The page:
Nadler Takes On Regional Bells

May 2, 2001 Issues: Civil Liberties

WASHINGTON -- Rep. Jerrold Nadler (D-NY), a long-time champion of consumer issues and the Congressional Representative for New York’s “Silicon Alley,” in conjunction with Judiciary Committee Ranking Member John Conyers (D-MI) and Rep. Chris Cannon (R-UT) today took on the Baby Bells to protect American consumers, by promoting real competition in the telecommunications and internet industry.  They announced the introduction of two bi-partisan bills that would subject Regional Bell Operating Companies (RBOCs) to anti-trust provisions if they are shown to exhibit anti-competitive behavior in the local phone markets.


The companion bills, known as the  “American Broadband Competition Act” and the “Broadband Competition and Incentives Act of 2001" would also augment the 1996 Telecom Act to ensure that monopoly power is limited in the local telephone markets by enforcing the Act’s market-opening requirements before the RBOCs can enter the long distance market.

“RBOCs are looking more and more like unregulated monopolies,” said Rep. Nadler.  “This is resulting in higher prices for consumers, serious service problems, and a suppressing of innovation.  My office is being deluged with service complaints from consumers and small businesses, and stories of anti-competitive practices by Silicon Alley Internet Service Providers (ISPs) and Competitive Local Exchange Cariers (CLECs).”

Another pending piece of legislation, known as “Tauzin-Dingell” would further tips the scales in favor of the RBOCs, by fully dismantling the market-opening requirements of the 1996 Act and allowing monopoly telephone companies to expand their reach into the Internet market without opening their network to competition.  The “American Broadband Competition Act” and the “Broadband Competition and Incentives Act of 2001" attempt to block such a move.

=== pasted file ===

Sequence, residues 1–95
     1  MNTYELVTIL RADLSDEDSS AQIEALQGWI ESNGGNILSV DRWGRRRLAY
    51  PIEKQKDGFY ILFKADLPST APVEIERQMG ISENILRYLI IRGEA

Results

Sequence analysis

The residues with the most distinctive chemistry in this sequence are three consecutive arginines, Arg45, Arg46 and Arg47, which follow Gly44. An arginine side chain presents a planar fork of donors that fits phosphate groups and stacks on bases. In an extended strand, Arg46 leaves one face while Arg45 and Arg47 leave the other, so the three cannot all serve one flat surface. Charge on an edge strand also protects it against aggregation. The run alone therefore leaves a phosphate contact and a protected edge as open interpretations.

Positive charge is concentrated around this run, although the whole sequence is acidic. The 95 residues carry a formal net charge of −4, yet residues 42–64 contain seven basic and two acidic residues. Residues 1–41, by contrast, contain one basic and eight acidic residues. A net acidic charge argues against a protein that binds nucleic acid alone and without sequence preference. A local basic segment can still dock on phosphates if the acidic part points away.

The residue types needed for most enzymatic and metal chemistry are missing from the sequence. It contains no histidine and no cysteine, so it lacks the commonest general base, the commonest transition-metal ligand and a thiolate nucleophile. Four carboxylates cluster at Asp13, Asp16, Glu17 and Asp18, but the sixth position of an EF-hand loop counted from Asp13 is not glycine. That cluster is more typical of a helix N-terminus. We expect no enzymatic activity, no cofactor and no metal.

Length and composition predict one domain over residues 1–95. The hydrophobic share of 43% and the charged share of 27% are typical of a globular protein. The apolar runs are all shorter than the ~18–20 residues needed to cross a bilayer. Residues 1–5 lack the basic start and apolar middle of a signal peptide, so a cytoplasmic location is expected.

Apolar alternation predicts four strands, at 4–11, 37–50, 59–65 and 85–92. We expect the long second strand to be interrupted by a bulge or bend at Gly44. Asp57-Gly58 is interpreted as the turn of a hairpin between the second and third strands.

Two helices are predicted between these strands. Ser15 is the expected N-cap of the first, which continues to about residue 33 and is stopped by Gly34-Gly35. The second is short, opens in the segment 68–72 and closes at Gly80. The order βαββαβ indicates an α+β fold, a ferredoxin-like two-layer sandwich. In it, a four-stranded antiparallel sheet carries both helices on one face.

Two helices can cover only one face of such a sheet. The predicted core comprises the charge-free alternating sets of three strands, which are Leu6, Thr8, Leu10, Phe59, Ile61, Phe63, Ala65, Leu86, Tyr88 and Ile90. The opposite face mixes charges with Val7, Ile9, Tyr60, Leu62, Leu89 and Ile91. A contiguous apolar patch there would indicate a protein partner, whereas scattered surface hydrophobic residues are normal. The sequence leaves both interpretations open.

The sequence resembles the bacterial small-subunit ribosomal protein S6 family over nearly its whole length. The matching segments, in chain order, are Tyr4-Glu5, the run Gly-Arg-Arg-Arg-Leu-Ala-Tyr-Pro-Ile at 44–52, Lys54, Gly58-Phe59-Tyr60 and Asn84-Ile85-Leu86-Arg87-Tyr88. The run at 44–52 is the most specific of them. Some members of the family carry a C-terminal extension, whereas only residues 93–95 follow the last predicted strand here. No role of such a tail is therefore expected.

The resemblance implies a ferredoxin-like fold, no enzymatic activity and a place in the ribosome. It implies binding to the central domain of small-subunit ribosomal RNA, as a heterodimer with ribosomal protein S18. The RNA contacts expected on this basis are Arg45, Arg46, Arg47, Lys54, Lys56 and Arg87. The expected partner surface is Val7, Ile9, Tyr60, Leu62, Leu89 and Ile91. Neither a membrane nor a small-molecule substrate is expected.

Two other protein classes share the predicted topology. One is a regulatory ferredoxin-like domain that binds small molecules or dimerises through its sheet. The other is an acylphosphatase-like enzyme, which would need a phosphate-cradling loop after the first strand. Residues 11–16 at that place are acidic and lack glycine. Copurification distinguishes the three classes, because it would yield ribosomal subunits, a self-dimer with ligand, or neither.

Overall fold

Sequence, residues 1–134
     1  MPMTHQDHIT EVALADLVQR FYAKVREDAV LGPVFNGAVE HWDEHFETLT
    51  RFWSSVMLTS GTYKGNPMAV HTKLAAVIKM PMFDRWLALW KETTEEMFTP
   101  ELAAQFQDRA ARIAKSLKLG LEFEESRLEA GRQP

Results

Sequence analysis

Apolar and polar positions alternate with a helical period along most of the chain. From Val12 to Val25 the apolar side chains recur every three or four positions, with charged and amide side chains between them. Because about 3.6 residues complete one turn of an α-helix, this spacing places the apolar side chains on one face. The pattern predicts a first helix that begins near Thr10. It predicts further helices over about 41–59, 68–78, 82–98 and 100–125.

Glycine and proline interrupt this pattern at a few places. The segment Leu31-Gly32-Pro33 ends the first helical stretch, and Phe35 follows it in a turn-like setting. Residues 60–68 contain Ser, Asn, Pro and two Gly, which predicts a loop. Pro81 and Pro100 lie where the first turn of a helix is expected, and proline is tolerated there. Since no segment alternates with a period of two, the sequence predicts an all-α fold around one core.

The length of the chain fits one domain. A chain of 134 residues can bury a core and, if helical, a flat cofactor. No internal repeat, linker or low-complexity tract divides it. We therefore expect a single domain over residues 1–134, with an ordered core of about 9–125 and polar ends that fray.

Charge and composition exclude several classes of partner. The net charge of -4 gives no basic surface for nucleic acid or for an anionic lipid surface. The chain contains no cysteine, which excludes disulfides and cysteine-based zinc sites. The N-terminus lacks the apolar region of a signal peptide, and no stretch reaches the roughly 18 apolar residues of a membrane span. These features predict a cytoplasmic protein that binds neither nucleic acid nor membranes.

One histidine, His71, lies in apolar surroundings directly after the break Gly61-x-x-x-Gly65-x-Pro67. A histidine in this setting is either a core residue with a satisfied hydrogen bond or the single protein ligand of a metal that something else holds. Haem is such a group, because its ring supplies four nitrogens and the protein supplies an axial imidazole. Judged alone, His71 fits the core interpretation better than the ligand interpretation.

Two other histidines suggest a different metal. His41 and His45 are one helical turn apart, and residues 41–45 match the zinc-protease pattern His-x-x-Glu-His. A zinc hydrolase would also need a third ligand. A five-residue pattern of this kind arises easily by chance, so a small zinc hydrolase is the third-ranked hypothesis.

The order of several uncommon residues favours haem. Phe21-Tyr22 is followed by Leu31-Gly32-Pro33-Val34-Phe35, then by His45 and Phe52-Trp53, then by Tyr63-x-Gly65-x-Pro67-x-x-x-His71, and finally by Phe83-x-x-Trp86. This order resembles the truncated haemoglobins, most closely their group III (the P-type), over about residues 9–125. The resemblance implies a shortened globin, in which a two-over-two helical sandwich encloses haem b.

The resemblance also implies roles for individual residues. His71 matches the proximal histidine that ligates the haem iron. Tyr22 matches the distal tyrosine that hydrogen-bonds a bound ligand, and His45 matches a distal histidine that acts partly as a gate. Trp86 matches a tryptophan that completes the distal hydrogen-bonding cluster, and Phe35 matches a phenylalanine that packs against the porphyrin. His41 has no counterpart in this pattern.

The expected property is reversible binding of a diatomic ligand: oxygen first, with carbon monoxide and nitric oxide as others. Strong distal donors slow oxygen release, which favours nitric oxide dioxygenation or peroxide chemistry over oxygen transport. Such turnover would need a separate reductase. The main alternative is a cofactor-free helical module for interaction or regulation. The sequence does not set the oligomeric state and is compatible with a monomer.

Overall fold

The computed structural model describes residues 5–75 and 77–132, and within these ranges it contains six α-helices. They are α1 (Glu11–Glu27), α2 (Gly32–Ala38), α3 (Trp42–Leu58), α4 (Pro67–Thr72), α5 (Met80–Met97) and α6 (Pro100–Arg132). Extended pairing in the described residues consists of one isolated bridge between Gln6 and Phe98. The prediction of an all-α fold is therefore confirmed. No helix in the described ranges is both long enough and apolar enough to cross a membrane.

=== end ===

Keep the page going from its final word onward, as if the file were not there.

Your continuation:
In contrast, these new companion bills will also promote competition in the deployment of broadband by allowing competitors to have real access to the taxpayer-subsidized network that is currently controlled by the RBOCs. With such competition consumers and business can look forward to better and cheaper internet service.

“This issue really hits home.  It took my service provider nearly a month to simply transfer my current Internet connection from my old district office to my new one when we moved recently.  We had no e-mail or access to the Web during that entire time.  I’m a Congressman. . .image what is happing to the average consumer,” Rep. Nadler said.

Rep. Nadler has served in Congress since 1992.  He represents the 8th Congressional District of New York, which includes parts of Manhattan and Brooklyn.

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